"There's a lot of sentiment on the committee not to let the bill out," said Miedusiewski. "It's just too ambiguous."

Cumiskey said he was thinking about the ethics bill as he drove home to Western Maryland after the Saturday work session. "I realize that the independent thinking group in the committee is sure not going to lie down on this one," he recalled. "They are going to want to know every detail of the bill before it goes out. I was driving along thinking, 'Boy, is this one in trouble.'"

The bill Cumiskey was referring to has been the subject of more than a year of work by Koss and Robertson, who are among the legislature's most persistent champions of reform. It also is a high priority of Speaker Benjamin L. Cardin, a liberal Democrat from Baltimore who hand-picked the two Montgomery delegates for leadership roles because of their reputations as progressives.

The measure drafted by Koss and Robertson is not the only ethics proposal in this general assembly session -- the Senate has already given preliminary approval to a lishgtly stricter measure. But proponents of the ethics legislation fear that traditional rivalries between the two chambers would make it unlikely for Koss's committee to approve the Senate measure if it had already rejected one that originated in the House.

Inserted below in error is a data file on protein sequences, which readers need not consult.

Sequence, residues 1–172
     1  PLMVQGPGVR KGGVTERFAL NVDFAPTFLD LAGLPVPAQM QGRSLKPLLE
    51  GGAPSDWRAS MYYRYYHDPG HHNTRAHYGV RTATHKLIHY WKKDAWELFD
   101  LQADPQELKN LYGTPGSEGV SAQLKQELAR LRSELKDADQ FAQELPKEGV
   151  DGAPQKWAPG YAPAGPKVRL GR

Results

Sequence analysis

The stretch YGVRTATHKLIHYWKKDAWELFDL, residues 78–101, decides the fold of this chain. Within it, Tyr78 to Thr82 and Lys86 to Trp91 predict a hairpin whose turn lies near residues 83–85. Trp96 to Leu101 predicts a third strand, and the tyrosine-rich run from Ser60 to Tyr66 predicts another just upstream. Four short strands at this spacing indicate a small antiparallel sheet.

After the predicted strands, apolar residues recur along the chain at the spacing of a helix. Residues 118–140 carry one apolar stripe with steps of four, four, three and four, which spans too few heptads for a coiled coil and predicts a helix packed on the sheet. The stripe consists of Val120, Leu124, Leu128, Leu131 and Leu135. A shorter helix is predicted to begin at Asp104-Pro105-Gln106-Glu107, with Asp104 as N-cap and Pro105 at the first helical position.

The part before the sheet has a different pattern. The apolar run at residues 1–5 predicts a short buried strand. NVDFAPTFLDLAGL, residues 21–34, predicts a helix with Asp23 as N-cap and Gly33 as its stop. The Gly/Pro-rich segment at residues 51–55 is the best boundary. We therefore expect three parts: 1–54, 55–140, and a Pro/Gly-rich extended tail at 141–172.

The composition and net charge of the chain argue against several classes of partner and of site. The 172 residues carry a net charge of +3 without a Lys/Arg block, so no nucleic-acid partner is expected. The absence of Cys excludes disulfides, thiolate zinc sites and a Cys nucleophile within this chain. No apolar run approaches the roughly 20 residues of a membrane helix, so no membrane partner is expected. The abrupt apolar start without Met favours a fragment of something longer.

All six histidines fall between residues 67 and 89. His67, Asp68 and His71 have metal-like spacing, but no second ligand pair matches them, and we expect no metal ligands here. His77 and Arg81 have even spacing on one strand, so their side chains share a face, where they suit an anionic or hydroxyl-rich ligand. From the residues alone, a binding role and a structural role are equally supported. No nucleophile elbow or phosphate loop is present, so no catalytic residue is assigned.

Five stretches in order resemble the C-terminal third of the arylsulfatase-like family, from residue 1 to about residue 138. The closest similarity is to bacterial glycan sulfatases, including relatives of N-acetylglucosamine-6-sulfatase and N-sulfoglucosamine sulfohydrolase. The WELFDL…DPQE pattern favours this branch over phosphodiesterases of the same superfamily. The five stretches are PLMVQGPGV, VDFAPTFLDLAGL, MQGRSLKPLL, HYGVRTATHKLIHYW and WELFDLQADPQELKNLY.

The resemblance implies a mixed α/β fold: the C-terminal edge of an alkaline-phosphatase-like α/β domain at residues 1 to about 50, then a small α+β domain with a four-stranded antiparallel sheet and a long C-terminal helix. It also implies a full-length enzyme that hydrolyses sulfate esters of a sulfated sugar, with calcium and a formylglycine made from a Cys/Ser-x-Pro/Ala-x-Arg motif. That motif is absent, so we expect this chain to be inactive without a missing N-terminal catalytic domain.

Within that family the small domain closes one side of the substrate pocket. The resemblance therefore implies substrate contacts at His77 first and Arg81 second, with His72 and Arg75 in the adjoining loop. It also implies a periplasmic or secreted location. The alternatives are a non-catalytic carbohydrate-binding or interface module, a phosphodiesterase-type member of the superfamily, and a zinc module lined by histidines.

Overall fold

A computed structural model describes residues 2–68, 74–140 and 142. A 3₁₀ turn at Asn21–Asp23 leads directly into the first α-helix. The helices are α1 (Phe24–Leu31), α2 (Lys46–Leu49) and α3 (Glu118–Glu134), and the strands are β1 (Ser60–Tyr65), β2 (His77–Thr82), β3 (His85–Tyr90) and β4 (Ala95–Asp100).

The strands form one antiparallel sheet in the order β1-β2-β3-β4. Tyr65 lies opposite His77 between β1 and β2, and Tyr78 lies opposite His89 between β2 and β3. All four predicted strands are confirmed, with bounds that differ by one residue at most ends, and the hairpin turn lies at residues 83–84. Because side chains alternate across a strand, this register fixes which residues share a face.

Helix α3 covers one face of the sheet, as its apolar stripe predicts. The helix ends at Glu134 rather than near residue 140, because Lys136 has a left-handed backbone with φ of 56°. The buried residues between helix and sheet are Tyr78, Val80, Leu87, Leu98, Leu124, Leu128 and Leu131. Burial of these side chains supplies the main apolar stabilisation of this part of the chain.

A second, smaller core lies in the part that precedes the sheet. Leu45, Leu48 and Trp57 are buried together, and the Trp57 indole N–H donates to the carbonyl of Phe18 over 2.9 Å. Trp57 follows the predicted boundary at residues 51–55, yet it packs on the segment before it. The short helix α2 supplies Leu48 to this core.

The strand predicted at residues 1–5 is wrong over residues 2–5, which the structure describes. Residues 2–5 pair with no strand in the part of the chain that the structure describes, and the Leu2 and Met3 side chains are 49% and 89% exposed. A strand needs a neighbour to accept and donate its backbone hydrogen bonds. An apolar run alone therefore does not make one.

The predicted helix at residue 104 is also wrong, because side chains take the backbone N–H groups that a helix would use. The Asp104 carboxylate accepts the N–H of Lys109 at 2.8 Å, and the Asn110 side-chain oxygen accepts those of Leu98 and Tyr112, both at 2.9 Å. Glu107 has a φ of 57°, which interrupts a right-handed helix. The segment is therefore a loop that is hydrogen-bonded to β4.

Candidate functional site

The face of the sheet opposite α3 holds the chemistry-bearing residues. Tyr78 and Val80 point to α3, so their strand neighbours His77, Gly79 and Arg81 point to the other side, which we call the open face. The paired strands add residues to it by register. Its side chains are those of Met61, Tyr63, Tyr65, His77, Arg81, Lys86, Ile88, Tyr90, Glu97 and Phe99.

Both bills gre out of a legislative effort in the 1978 election year session to reassure voters that public officials were serious about regulating their ethical behavior after years of scandal involving the state's top officials. Last year, an ethics bill passed the Senate but died on the House floor on the last night of the session.

This year's measures would set up a five-member ethics commission with the power to investigate allegations of corruption, issue subpoenas and enforce conflict of interest and financial disclosure laws. The new panel would replace a hodge-podge of boards and commissions that are without investigatory or enforcement powers.

Ironically, neither version of the ethics legislation has satisfied Common Cause, a reform-minded citizen lobby that for years has been pushing for enactment of an ethics law in Maryland.

"Although some provisions of each bill are worthy of public support, other provisions would actually weaken existing law," said Ed Riley, a Common Cause lobbyist. "We won't be disappointed if it doesn't pass. We would rather see no bill at all than one that is so full of holes."